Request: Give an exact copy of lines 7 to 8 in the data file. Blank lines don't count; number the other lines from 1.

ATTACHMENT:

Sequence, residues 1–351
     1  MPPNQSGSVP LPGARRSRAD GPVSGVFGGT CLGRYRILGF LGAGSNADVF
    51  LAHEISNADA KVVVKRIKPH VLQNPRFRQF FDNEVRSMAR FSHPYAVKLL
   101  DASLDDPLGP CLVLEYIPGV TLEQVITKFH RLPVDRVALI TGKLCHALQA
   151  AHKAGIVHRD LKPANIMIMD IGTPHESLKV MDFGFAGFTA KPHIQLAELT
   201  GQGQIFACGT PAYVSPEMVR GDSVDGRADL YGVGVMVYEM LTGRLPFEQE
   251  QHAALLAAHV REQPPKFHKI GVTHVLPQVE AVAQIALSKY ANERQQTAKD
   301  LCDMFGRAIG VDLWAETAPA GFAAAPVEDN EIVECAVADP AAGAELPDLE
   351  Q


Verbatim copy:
   251  QHAALLAAHV REQPPKFHKI GVTHVLPQVE AVAQIALSKY ANERQQTAKD
   301  LCDMFGRAIG VDLWAETAPA GFAAAPVEDN EIVECAVADP AAGAELPDLE